People Share Their Worst 'Throw Him In The Deep End, He'll Learn To Swim' Parenting Experiences

People Share Their Worst 'Throw Him In The Deep End, He'll Learn To Swim' Parenting Experiences
Image by Foundry Co from Pixabay

It's fair to say that just because you're a parent doesn't mean you have proper teaching abilities.

Just ask any teacher what it's like to stand at the front of a classroom and teach a lesson. It takes days, sometimes weeks, to organize all the parts of a skill set, manage the flow of information, structure out lessons to build off one another, to finally reach the ultimate goal of skill mastery. That being said, some parents do know high-quality techniques to help their child on the path to becoming a better and wiser human being,

These are not those parents. These parents think making their child suffer is the best way to go.

Reddit user, u/MynameMB, wanted to hear about what misguided parenting looks like when they asked:

What's your worst story from the "throw him in the pool, he'll learn how to swim" parenting style?

Reddit Users Share Their Best 'It's A Small World After All' Experience

Let's Get The People Who Take This All A Bit Too Literally Out Of The Way...

...because seriously, don't throw your kids into a pool if they don't know how to swim.


Don't ACTUALLY Make Them Sink Or Swim!

I actually used to be a swim teacher in college teaching private lessons in people's backyards because of parents who had thrown their kids into the pool to sink or swim. It was usually Mom's calling me for help because they heard from a friend of a friend that I was able to teach their kid and get them to like the water again in about a month or less. One kid, he was 7, I had to sit with him on the pool deck the whole first lesson and bring buckets of water to him, his Dad had dunked him multiple times and insisted that his son would just figure it out eventually because "that's how he learned."

Needless to say he was never home when I was there. The Mom had me come while Dad was at work. Four weeks later she had me come later in the afternoon so he would come home towards the end of the lesson. His Dad saw his son swimming and cried happy tears. He had no idea I had been there three days a week for a month. My favorite student was a 70 year old man who wanted to do a triathlon but never learned to swim because his Dad threw him in as a child. It took about 3 months total, a lot of hand holding on the steps and shallow end, but he finally achieved his goal and I got to cheer him on at the finish line. I still remember how each of my students clung to my arms and clawed at my neck in their first lessons.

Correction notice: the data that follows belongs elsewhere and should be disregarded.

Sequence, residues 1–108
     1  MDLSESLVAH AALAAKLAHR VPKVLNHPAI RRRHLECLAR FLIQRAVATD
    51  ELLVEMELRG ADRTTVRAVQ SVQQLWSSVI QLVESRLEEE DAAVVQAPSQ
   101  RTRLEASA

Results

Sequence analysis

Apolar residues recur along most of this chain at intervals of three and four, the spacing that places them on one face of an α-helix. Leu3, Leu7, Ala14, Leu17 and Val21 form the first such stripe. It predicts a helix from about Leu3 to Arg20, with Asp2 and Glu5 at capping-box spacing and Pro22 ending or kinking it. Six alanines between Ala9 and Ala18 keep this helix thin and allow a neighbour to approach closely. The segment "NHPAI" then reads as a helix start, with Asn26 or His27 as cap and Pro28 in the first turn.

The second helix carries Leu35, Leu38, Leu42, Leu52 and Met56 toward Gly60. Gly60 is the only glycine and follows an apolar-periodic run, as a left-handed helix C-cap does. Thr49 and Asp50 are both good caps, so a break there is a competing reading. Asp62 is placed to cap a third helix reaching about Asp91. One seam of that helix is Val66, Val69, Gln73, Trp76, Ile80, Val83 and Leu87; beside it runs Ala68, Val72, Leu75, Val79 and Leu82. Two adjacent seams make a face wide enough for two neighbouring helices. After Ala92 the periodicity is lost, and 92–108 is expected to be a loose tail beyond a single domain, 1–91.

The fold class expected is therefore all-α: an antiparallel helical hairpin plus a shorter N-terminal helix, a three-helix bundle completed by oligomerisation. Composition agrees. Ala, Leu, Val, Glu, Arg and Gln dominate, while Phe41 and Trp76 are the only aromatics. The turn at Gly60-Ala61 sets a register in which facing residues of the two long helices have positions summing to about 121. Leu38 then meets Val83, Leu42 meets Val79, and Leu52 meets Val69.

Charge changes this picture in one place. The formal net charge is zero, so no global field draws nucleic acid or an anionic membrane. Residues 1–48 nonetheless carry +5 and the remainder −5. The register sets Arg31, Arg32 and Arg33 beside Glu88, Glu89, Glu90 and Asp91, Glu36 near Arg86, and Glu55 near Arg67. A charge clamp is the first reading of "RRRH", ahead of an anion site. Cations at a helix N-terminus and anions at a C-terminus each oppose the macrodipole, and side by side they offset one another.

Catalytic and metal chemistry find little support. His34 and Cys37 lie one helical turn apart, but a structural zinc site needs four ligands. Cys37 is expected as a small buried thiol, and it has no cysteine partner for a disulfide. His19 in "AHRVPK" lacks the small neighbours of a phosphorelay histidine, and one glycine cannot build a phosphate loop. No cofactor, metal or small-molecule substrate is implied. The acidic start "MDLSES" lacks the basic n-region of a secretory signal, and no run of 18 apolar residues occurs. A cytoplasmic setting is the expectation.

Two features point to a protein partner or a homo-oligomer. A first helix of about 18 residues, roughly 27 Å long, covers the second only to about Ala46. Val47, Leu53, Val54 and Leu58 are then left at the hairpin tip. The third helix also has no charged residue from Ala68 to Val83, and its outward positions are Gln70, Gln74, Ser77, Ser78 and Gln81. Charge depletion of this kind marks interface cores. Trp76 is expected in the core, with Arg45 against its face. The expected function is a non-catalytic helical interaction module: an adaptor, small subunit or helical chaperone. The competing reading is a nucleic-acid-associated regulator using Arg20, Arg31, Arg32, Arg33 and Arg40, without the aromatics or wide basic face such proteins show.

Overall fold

I never dunked or forced anyone out of their comfort zone. My lessons had to be customized for each student to keep it fun and relaxing. The trauma in their eyes was haunting though.


Skills That Are Probably Best Taught Instead Of Unsympathetically Learned

There are lots of time when parents think they're teaching their child some valuable life lesson. Skills or knowledge that could be passed down for generations to come, as if they're brilliant teachers instructing for the first time. Upon further look, some of these could probably be fixed in a day with some talking.

Could You Even Do This One By Yourself?

they didn't want to teach me to tie my shoes, because my mum said "I had to learn that myself, so should you!"


Shower? Or, Torture Chamber?

When I was younger (5 or 6), my mom really wanted me to learn how to take showers so she wouldn't have to deal with bath time anymore. The thing was I was terrified of the shower for some reason. We ended up going on a vacation and our hotel bathroom had an enclosed glass shower with a sliding door. My mom turned on the water, threw my in there fully clothed, and held the door closed so I couldn't get out.

It didn't help that I was already afraid of wet enclosed spaces since my much older sisters would throw my brother and I into our old dirty hot tub with a foot of swamp water, close and sit on the lid while we screamed inside.

I'm a new mom, and I vow never to let my daughter experience this kind of trauma- especially at home.


How Could You Know?

'Just walk it off!'

My dad, when I developed a big nasty cyst on my toe when my mom was away on a stressful trip. She was not pleased to come back and have to immediately drive me to the hospital. It got to the point where I took one step on it and almost passed out.

He apologized afterward. Got a sandwich from a really good sandwich place and I forgave him. Now I laugh about it.


Well, That's Just Bad Luck

I was always a picky eater growing up. One time my mom sat me down with a small bowl of almonds and told me I couldn't get up out of my seat until I finished it. I insisted that I hated them and they were making my mouth itch, she thought I was just being difficult. I just started to swallow the almonds like pills because my mouth was so itchy from chewing on them.